Monthly Archives: January 2012

Reflecting on the Gospel for the Fourth Sunday in Ordinary Time

From The Gospel of Mark by Mary Healy, reflecting on Mark 1:21-28:

The story of Jesus’ first exorcism portrays the forces of evil in a way that may appear to readers today as strikingly personal. For Mark, as for the whole New Testament, evil is not an impersonal force but is concentrated in invisible, malevolent beings who are bent on destroying human beingss and hindering God’s plan of salvation. These evil spirits are responsible for various mental and even physical maladies (7:25; 9:17–27; see Matt 12:22; Luke 13:11). Some exegetes, noting that the Gospels do not always clearly distinguish between illness and demonic possession, have concluded that the references to demons are simply a mythical way of symbolizing the misfortunes to which human beings are prone. The Church has always taught, however, that demons are real spiritual beings, fallen angels who were created by God but became evil by their own free choice (Catechism, 391–95).

© 2008 Mary Healy and Baker Academic. Unauthorized use of this material without express written permission is strictly prohibited.

 

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Reflecting on the Gospel for the Third Sunday in Ordinary Time

From The Gospel of Mark by Mary Healy, commenting on Mark 1:18:

The call to be fishers of men evokes a prophecy of Jeremiah in which God promised to send out “many fishermen” to gather in the Israelites who had been scattered among the nations (Jer 16:14–16; see Mark 13:27). Jesus’ first disciples may have recalled this prophecy with a dawning sense of excitement as they began to realize the momentous significance of the vocation into which they were entering. 

© 2008 Mary Healy and Baker Academic. Unauthorized use of this material without express written permission is strictly prohibited.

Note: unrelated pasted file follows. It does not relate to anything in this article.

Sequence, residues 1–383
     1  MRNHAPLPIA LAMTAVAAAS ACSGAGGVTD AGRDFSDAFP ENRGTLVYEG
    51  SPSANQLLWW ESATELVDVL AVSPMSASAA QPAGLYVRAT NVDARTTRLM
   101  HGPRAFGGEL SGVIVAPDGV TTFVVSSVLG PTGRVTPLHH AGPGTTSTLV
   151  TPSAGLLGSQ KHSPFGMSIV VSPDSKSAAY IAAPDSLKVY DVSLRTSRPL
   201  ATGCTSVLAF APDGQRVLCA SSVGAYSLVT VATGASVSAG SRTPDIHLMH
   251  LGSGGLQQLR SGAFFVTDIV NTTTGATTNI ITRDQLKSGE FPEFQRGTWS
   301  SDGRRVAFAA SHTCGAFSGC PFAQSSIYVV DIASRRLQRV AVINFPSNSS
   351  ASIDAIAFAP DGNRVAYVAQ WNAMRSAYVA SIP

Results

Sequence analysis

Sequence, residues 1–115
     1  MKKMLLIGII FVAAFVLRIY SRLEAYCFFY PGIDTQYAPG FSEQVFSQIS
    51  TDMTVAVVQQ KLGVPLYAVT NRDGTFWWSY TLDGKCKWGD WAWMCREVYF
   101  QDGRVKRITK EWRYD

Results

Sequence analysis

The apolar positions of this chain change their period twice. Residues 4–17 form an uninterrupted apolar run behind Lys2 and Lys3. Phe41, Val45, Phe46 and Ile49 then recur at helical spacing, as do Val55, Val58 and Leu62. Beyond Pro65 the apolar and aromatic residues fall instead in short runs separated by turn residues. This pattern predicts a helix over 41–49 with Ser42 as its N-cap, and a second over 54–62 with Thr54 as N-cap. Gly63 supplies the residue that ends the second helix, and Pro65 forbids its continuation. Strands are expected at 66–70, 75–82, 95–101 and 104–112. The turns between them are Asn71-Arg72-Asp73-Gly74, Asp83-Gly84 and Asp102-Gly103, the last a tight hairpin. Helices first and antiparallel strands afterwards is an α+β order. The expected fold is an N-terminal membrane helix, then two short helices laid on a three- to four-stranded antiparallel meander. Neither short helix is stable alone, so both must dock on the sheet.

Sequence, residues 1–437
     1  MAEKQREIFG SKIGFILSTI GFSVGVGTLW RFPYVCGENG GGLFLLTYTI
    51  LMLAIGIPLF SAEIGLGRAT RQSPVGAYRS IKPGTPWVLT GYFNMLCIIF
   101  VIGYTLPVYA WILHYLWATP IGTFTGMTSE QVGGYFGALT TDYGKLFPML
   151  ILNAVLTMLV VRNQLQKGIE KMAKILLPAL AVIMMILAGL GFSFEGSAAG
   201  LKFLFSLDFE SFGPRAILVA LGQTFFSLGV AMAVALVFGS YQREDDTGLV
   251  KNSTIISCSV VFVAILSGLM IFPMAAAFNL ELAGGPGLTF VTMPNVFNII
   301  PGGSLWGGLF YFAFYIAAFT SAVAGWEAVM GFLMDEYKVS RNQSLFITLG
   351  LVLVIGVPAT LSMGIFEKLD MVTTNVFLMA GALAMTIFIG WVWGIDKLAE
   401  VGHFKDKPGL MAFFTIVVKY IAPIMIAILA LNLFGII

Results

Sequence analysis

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How to Read the Bible in a Year

Some friends recently made the excellent decision to read through the entire Bible in the course of a year and asked for advice.  When I first read through the Bible in a year it had a transformative effect on my life.  Spiritually speaking, it was like eating a perfectly balanced diet for a year while working out daily!  I felt stronger; I had more energy for doing what I should do!  Although I had more questions, I felt I had more insight into God’s way of seeing things and familiarity with Sacred Scripture. Continue reading

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Reflecting on the First Corinthians for the Second Sunday in Ordinary Time

From First Corinthians by George T. Montague, SM, commenting on First Corinthians 6:18:

The only possible conclusion is to flee fornication. The NAB translation, Avoid immorality, though admissible, loses the strength that Paul intends here: shun, escape from, flee. Porneia may be translated “immorality,” but the context suggests more specifically sexual immorality or fornication. Following Saint Thomas Aquinas, spiritual writers have advised that while other vices call for a tactic of resistance, fornication calls for the tactic of flight, lest passion be enkindled by toying with the occasion. 

© 2011 George T. Montague, SM and Baker Academic. Unauthorized use of this material without express written permission is strictly prohibited.

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Reflecting on the Gospel for the Epiphany of the Lord

From The Gospel of Matthew by Curtis Mitch and Edward Sri, commenting on Matthew 2:1:

The word magi originally described members of the Median and Persian priestly caste who advised the king and interpreted dreams. The term later was used more broadly to denote those who possessed mystical knowledge as priests, astrologers, soothsayers, or sages. Their popular association with kings today may be based on Old Testament passages that recount kings bringing gifts to the royal Davidic son (Ps 72:10–11), including gifts of gold and frankincense (Isa 60:3–6). In the Jewish tradition magi would bring to mind the opponents of Daniel in Babylon, who were associated with enchanters and sorcerers and claimed to interpret dreams and signs (Dan 1:20; 2:2; 4:4; 5:7 LXX). Hence, one would not expect magi from the East to be among the first to pay homage to the Jewish messiah. This account thus sets up a theme that will be repeated throughout Matthew’s gospel: Israel’s king is welcomed by those one would least expect while Jewish leaders work against him (2:4).

© 2010 Curtis Mitch and Edward Sri and Baker Academic. Unauthorized use of this material without express written permission is strictly prohibited.

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